The Labyrinth is an archetypal, mandala-like symbol that appears in a variety of cultures, dating as far back as 2,500 B.C. The Hopi Medicine Wheel, Man in the Maze pattern, and the Kabbala’s Tree of Life are all examples of labyrinths. The labyrinth looks like a maze, but only has one path that leads to the center, instead of the dead ends found in a maze. In his book, Mandala Symbolism, Carl G. Jung observed that mandala-like symbols can be used by the psyche to bring wholeness and order during chaos states.
The eleven-circuit labyrinth has its roots in the Christian tradition, dating back as early as 860 – 862 A.D. It developed as a method of pilgrimage during the early thirteenth century. The Roman Church appointed seven European cathedrals as pilgrimage sites. The walk into the labyrinth at the end of the pilgrimage was a ritual ending of the journey, and entry into a symbolic Jerusalem.
Current interest in the labyrinth was ignited through Dr. Lauren Artress, at the Canon of Grace Cathedral in San Francisco. She traveled to Chartres, France, to walk the labyrinth there which had been installed on the floor of the cathedral in the early thirteenth century. Dr. Artress considers the labyrinth a tool that encourages internal and relational harmony and helps satisfy the “spiritual hunger” present in our world.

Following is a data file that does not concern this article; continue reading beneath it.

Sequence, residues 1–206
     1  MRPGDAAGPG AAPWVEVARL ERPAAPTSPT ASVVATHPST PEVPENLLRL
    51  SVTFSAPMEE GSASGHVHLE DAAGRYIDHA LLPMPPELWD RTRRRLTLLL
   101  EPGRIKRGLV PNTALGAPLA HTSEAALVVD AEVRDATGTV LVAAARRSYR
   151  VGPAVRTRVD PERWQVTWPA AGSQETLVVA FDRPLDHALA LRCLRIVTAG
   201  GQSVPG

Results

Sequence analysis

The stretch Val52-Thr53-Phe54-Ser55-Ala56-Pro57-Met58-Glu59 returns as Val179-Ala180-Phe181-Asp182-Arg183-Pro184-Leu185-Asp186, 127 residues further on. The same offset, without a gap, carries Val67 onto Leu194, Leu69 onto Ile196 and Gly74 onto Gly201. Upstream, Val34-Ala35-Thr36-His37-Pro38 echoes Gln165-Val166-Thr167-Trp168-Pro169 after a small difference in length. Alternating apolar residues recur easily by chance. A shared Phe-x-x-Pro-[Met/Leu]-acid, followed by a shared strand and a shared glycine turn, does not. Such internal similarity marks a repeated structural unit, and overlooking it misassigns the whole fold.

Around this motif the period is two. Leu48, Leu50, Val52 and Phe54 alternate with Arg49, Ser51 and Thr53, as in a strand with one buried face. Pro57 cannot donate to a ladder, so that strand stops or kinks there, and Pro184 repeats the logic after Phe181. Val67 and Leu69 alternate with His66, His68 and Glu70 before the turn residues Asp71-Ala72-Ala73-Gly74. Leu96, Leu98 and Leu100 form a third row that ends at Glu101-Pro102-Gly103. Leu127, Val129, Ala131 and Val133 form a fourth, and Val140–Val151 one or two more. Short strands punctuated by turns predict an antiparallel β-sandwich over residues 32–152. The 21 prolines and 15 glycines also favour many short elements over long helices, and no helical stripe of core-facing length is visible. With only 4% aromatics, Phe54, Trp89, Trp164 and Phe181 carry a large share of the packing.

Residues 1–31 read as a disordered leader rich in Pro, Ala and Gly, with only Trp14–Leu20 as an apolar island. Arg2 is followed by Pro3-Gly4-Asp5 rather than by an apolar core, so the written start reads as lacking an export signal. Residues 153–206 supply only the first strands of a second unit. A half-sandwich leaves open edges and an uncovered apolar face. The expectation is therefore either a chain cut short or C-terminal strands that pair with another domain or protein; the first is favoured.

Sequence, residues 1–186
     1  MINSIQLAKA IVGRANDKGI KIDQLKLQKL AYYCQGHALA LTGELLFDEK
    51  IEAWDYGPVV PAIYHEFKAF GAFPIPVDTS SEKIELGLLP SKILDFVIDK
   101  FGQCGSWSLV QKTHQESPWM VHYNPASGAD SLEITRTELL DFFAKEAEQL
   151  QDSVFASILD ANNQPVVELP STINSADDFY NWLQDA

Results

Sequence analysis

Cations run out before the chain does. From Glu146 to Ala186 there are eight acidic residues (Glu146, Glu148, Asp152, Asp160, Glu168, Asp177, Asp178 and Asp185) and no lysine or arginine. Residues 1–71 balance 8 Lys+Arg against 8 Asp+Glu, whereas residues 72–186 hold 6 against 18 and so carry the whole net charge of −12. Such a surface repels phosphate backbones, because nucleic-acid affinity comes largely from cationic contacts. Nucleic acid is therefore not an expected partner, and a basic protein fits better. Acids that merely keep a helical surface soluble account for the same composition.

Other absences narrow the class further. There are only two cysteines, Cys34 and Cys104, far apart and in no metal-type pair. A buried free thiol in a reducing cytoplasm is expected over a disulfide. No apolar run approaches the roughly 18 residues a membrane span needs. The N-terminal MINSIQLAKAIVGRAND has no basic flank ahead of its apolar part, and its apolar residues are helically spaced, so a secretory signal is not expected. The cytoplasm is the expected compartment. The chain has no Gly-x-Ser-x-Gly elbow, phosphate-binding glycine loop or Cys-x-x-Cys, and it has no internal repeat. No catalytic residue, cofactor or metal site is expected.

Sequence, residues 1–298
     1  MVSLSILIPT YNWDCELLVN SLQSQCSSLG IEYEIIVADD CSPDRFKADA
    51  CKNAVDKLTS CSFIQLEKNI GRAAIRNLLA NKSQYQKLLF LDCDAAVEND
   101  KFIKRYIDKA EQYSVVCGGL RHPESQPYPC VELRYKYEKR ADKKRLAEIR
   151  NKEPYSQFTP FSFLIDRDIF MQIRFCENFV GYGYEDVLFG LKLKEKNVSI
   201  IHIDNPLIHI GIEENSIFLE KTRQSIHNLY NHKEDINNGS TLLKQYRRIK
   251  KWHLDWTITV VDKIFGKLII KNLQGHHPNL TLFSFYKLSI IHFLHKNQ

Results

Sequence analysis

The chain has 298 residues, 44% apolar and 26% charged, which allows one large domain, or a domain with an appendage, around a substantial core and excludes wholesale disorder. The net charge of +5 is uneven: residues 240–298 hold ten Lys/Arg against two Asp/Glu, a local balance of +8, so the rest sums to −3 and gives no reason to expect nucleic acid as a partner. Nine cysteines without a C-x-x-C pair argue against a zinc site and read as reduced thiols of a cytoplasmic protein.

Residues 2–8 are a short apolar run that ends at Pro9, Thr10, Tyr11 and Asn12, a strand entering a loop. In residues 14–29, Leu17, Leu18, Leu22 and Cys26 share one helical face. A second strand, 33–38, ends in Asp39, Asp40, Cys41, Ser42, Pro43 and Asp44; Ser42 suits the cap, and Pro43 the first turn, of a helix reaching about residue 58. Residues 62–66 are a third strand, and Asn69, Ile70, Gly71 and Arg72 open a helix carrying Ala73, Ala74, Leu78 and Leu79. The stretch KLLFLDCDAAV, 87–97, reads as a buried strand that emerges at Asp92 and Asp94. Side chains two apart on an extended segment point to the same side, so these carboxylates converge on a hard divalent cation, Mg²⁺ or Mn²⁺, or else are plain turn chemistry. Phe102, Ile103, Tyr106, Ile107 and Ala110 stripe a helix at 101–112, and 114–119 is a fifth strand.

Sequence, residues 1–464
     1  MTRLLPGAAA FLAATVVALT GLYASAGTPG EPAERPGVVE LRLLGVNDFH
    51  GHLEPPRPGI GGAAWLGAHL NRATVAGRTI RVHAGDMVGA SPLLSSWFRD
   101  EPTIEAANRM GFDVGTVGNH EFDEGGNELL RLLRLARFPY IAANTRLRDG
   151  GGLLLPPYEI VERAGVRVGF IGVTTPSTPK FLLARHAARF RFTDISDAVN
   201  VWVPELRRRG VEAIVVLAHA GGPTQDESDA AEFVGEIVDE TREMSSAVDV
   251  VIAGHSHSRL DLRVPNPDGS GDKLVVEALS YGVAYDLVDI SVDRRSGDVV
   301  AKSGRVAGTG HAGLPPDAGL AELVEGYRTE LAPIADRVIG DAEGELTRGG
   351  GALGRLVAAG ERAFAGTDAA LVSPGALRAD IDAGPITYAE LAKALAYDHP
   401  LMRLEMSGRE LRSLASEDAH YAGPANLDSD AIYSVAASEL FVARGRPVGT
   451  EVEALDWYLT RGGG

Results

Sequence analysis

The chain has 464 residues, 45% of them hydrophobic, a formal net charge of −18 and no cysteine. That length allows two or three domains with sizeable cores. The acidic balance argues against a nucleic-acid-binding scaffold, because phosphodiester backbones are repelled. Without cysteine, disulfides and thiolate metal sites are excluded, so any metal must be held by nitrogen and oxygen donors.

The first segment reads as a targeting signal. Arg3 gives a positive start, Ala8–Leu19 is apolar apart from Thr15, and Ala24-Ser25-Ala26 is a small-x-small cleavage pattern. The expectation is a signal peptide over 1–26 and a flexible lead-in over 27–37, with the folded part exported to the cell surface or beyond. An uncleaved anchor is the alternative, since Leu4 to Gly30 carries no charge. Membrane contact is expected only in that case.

The outdoor Labyrinth at New Life Presbyterian Church in Albuquerque is an example of the eleven-circuit labyrinths.
The outdoor labyrinth measures approximately sixty feet in diameter and is made from almost 60 tons of material. The base is grey crusher fines with the lines being marked using rose-colored stone. The two paths leading to the labyrinth use the same base material and are lined with eight-inch cobblestone rocks. Students and parents from Covenant Presbyterian Church in College Station, Texas came to help us build this labyrinth in the summer of 2003.